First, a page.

3. A Level III check-out refers to use of the labs’ motorboats as a tender to SCUBA divers. In order to be checked out at this level, users must receive some basic training in the use of oxygen for SCUBA emergencies in addition to all the requirements described for Level II. This training can be done by the “lead” diver on a trip reviewing emergency equipment with the boat tender prior to their first dive trip. All the information on the “Level III boat tender to divers” form must be covered (see Appendix 2); this form must be signed and submitted to the boat safety officer prior to the first time the boat user tends divers. A scientific diver who has been certified for oxygen can automatically be considered a Level III boat user once they have been checked out for motorboat use.

Rules for Rowboat Use

(row boaters need only read this section)

1. Rowboats may be used for research or recreation. In order to use them you must be briefed in person, either as part of a group or individually, by the BSO, a Marine Tech, or one of the Caretakers.

2. The minimum age to checkout a rowboat without an accompanying parent/guardian is 16. Rowboat passengers under 14 years old must be accompanied by a parent/guardian (not just a user who is 16+). Exceptions may be granted when specific cases are discussed with the Boating Safety Officer (BSO).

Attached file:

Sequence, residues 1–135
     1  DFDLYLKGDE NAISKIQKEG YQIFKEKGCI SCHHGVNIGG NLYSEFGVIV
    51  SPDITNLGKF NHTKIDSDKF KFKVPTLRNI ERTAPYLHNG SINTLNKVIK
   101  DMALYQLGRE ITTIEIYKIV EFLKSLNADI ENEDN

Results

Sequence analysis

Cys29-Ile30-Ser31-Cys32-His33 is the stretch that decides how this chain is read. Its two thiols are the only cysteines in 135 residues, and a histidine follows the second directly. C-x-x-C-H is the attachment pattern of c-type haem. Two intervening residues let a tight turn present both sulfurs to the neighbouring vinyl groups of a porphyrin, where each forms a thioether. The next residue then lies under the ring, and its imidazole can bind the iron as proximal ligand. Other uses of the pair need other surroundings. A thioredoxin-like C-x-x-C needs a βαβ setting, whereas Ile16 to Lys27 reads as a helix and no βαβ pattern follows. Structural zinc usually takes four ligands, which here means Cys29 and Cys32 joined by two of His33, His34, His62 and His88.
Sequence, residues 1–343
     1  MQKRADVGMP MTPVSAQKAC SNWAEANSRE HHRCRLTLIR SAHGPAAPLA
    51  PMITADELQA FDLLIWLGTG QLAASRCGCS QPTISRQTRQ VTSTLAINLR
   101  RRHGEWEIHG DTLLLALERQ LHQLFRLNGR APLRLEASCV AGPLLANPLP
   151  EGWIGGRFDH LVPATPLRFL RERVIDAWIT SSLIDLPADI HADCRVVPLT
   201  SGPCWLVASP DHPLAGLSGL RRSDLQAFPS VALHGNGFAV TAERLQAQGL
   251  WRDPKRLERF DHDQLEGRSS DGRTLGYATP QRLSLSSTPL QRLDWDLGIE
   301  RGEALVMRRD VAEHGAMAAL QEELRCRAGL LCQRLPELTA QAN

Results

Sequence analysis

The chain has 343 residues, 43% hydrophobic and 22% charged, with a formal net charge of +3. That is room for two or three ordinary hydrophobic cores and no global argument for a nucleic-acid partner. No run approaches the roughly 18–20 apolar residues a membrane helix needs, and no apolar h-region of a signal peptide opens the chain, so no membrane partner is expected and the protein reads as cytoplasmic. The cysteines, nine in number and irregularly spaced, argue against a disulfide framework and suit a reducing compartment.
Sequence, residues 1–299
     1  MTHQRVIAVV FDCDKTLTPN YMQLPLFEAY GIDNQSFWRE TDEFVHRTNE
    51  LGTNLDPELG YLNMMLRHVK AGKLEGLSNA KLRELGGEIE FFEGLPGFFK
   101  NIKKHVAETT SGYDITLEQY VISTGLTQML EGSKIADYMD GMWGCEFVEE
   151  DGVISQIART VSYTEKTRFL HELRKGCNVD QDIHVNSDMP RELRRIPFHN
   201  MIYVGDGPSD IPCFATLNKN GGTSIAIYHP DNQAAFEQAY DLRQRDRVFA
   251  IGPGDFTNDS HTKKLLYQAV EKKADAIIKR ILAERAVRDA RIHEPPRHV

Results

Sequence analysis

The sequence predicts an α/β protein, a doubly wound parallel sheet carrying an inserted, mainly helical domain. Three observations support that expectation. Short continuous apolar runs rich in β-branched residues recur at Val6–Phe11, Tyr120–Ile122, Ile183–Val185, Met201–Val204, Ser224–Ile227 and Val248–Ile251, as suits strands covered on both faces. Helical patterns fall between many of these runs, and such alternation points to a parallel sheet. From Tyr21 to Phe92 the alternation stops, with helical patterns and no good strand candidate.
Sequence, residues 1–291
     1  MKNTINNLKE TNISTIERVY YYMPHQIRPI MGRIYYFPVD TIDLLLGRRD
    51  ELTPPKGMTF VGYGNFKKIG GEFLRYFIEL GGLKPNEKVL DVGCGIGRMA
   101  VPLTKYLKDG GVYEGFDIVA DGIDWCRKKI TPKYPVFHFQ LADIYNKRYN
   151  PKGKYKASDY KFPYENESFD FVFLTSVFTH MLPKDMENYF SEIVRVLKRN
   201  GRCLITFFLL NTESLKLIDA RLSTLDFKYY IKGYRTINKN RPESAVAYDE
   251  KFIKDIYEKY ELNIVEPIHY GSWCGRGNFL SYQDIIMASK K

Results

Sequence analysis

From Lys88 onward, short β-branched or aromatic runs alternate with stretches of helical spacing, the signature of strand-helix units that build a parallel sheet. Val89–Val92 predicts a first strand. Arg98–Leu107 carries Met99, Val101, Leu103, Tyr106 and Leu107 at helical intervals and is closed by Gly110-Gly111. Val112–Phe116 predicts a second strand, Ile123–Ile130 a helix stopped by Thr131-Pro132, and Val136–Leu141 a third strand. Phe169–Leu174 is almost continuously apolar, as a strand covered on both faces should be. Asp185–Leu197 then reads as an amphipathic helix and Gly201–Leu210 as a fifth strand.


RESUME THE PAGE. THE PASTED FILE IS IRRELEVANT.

3. There are two rowboat types: the smaller ribbed Walker Bay boats = 2 adults max, and the larger smooth-sided rowboats = 4 adults / 550 lbs max. The rowboats will sink if flooded, so sign out multiple boats if you have a larger group!

4. Life jackets must be worn and fastened by each person in a rowboat anytime it is not tied up to a dock, including children. Child-sized lifejackets are in the eastside boat shed. This is a Coast Guard rule, and you are personally subject to Coast Guard inspection and fines.

5. Rowboats must be signed out before leaving and signed in upon return. Sign-out sheets are in the westside boat shed. This is the only means we have of knowing where a missing boat and its occupants may be. Be generous with your Estimated Return Time, leave a contact #, and feel free to call if you’ll be overdue. Please take your phone along if possible — plastic bags for cell phones are available on the shelf under the sign-out podium. Rowboats cannot be reserved, so there is no need to check the reservation calendar.